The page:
El Rico Habano Rico Club

Cnv0098.jpg

5 1/2 x 54

Wrapper: Connecticut Broadleaf

Binder: Nicaragua

Filler: Nicaragua

This version of El Rico Habano was introduced by Ernesto Perez-Carrillo’s El Credito Cigar Co. in 2001. It shares some of the same characteristics of the La Gloria Cubana Serie R line — medium to heavy in body and rich in flavor.

One look at the oily oscuro wrapper and I thought this was going to be a winner. The wrapper smells sweet even before firing it up, and the foot of the cigar smells of newly turned black loam. I was expecting a real powerhouse from the git go.

It turns out that this is a surprisingly smooth smoke. What really makes this a world class cigar is the perfect construction. I received this as part of a grab bag deal, so I’m basing this judgment on one sample, but with that caveat I will say this is one of the best constructed cigars I’ve ever smoked. The pack is firm and full but the draw is effortless and brings a considerable volume of smoke. After each puff tendrils of smoke waft from the head. The burn is even and needs no caretaking.

It starts out sweet and rich, and within half an inch the spice picks up. It seems to peak at the two-thirds point, after which it settles down and maintains a consistently sweet and spicy smoothness to the finish. A mild and pleasant aftertaste seals the bargain. It’s not as powerful as the LGC Serie R, but every bit as complex.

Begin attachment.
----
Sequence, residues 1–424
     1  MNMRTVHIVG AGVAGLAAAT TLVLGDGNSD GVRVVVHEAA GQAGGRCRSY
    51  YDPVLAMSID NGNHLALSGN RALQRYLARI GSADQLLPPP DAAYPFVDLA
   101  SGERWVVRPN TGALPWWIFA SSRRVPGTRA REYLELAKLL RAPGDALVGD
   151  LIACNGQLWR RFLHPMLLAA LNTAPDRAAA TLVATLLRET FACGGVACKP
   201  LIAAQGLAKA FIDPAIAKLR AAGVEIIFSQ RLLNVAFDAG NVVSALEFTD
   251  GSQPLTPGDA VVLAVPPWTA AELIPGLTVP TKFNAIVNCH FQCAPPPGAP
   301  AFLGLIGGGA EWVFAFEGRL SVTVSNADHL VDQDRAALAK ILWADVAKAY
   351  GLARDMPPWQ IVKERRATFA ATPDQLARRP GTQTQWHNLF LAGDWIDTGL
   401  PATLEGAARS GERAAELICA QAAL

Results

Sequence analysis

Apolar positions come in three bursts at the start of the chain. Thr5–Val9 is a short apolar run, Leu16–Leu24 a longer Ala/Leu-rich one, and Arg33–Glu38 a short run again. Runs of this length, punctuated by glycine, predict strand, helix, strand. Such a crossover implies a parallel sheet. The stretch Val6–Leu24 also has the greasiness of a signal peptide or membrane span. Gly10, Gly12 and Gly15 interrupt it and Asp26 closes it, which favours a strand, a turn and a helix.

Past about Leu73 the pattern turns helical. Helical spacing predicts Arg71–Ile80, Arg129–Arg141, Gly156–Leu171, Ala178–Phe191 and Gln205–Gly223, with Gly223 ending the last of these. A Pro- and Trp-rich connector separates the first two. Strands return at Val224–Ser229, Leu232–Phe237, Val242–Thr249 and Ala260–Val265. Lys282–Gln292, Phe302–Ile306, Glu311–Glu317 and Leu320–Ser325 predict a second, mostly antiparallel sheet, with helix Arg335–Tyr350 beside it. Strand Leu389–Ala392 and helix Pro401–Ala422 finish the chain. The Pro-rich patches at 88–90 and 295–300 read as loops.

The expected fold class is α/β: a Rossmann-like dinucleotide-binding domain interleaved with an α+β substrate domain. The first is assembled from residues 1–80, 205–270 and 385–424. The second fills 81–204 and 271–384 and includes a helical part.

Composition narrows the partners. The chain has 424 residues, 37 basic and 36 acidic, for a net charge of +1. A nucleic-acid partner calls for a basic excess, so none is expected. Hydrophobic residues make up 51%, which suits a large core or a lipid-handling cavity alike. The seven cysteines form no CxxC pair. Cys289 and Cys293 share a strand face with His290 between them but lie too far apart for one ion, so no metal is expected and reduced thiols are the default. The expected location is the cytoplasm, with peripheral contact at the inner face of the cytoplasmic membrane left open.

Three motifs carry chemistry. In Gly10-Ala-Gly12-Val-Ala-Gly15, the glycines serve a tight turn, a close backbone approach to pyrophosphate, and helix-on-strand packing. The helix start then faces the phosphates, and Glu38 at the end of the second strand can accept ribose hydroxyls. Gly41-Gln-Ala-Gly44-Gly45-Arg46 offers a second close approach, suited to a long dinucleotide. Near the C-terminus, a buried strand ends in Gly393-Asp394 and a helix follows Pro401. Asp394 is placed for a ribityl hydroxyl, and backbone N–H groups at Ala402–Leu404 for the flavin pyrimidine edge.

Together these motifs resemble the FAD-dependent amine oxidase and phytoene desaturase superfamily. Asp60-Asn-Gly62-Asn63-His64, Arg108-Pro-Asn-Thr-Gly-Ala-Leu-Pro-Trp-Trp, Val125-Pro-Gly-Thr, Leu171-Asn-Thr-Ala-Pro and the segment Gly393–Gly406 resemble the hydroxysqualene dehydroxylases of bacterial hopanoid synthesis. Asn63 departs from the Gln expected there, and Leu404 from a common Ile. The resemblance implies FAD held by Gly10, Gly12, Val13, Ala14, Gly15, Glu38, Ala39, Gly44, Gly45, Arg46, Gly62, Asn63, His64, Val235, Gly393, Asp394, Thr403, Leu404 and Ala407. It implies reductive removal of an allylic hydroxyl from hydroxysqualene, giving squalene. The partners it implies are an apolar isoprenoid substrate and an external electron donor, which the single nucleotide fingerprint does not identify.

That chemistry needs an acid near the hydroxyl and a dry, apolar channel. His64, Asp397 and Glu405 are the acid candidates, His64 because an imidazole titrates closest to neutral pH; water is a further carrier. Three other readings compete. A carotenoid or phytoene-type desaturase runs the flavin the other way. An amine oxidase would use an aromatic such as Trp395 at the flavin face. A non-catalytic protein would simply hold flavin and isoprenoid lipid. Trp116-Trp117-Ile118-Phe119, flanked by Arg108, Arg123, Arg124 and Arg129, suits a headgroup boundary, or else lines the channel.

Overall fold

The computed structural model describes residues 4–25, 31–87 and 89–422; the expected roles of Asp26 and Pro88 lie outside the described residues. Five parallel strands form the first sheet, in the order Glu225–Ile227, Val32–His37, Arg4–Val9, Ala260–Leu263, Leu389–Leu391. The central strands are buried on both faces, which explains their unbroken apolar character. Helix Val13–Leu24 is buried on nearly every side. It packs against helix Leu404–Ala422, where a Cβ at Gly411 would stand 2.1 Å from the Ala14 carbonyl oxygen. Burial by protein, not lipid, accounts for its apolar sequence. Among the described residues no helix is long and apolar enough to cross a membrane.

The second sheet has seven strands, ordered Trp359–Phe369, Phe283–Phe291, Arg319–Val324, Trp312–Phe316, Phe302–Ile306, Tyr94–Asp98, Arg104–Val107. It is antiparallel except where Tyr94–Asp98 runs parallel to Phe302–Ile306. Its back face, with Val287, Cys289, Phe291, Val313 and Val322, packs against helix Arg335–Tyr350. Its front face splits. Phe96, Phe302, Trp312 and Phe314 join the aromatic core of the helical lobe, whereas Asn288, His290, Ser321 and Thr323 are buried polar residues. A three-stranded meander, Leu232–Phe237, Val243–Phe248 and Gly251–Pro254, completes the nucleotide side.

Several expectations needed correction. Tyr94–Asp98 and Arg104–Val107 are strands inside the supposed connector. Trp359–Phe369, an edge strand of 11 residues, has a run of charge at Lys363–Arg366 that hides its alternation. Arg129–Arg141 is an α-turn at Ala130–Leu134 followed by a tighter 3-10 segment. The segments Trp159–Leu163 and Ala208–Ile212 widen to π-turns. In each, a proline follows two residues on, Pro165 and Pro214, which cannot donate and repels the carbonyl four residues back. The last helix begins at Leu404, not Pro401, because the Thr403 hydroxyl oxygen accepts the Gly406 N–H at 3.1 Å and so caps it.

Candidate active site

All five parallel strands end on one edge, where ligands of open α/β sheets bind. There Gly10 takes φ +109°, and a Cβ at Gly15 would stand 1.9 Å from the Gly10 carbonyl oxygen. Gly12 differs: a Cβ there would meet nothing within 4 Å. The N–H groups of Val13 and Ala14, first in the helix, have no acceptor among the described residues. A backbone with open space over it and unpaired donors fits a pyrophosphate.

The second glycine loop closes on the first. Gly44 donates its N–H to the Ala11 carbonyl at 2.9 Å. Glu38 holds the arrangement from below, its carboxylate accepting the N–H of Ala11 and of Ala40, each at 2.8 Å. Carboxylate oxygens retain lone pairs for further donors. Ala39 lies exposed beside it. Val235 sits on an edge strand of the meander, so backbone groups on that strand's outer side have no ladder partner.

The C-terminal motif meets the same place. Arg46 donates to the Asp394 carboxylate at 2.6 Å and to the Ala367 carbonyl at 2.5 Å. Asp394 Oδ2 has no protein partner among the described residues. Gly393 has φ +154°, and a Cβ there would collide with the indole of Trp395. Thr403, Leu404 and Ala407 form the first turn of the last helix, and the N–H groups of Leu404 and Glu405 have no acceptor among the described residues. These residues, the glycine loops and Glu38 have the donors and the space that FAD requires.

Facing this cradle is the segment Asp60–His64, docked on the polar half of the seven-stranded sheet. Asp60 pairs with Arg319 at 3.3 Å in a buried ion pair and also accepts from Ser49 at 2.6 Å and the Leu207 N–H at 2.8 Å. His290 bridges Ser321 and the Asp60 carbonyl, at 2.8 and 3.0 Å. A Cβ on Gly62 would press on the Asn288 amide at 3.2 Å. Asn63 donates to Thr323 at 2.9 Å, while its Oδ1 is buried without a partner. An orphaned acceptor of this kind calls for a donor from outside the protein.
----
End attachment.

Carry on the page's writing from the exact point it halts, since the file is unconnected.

I used to think the El Rico Habano was LGC’s kid brother, a knock off of some sort. Not so. Based on this one sample, I’ll definitely be looking for more.

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4 thoughts on “El Rico Habano Rico Club

  1. Indeed, El Rico Habano is actually the first cigar Ernesto ever put out. Later, when the LGC blend became so popular, the ERA sort of passed out of center stage, but still very much appreciated by many seasonned smokers. Unfortunately, trying to get some of these in Europe is not the easiest of tasks…

  2. Yes, your plight is a sad one. I can only imagine the despair when you walk into your local tobacconist and all you can see are Havanas for miles. How depressing! But seriously, are there import restrictions where you are? Or is the market just unfriendly to Dominicans, Nicaraguans, etc…?

  3. Well, I would say the market is just unfriendly. Everyone seems to think that of you are going to have a cigar, it ought to be a cuban. I was talking to my tobacconist yesterday, who practically bet his life on it that there is no such thing as a full-bodied non-cuban Cigar… hehehe… I can think of so many that are just as full-bodied or more than any of the habanos I am used to smoking. It’s amazing. But I guess that way there’s more for the rest of us who appreciate them!

  4. You could try Christian’s Camacho cigars. They are good, but tend to be a little unidemenitional.(sic). Where most cubans that I get are not that way.

    The ERH in the late 90’s I really liked and had boxes of them. The new ones are not so nice, but I think a lot of cigars including the cubans are going that way now. Way to much production.

    I hate to think what will happen to cubans when they become legal in the US. I probably won’t buy any for a few years.

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